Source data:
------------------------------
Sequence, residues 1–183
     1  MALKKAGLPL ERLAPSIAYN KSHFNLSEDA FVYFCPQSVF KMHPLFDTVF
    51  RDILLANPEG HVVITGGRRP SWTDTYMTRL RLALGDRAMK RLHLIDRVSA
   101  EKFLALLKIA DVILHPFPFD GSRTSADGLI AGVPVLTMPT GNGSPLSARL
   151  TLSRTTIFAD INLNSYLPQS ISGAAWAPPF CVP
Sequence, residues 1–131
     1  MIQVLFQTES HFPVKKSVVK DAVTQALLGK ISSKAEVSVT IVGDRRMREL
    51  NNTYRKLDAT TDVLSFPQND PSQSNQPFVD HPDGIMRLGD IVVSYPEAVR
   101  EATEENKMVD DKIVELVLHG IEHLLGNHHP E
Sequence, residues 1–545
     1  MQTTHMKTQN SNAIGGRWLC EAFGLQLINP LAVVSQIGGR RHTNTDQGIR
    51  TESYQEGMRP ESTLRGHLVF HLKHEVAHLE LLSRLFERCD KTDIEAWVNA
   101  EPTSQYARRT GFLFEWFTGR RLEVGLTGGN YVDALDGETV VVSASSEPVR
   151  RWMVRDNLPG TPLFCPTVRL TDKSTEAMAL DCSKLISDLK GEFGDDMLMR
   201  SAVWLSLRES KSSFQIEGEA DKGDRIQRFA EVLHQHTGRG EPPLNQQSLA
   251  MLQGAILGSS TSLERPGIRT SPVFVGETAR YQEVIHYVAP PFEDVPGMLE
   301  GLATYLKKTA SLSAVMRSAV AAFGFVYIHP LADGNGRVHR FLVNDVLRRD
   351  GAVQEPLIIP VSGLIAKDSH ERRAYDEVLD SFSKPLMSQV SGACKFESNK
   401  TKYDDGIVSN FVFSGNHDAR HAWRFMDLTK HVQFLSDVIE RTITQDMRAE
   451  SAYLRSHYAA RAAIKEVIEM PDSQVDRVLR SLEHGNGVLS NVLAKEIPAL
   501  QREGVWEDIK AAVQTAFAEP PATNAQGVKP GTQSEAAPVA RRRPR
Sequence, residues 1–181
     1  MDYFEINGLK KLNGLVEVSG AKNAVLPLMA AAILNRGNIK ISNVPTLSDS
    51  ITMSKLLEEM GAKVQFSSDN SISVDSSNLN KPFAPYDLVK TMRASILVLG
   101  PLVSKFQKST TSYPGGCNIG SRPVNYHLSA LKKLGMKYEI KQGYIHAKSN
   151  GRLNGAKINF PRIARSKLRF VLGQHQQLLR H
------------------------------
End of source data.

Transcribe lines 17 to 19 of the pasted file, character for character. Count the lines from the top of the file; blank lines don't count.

   301  GLATYLKKTA SLSAVMRSAV AAFGFVYIHP LADGNGRVHR FLVNDVLRRD
   351  GAVQEPLIIP VSGLIAKDSH ERRAYDEVLD SFSKPLMSQV SGACKFESNK
   401  TKYDDGIVSN FVFSGNHDAR HAWRFMDLTK HVQFLSDVIE RTITQDMRAE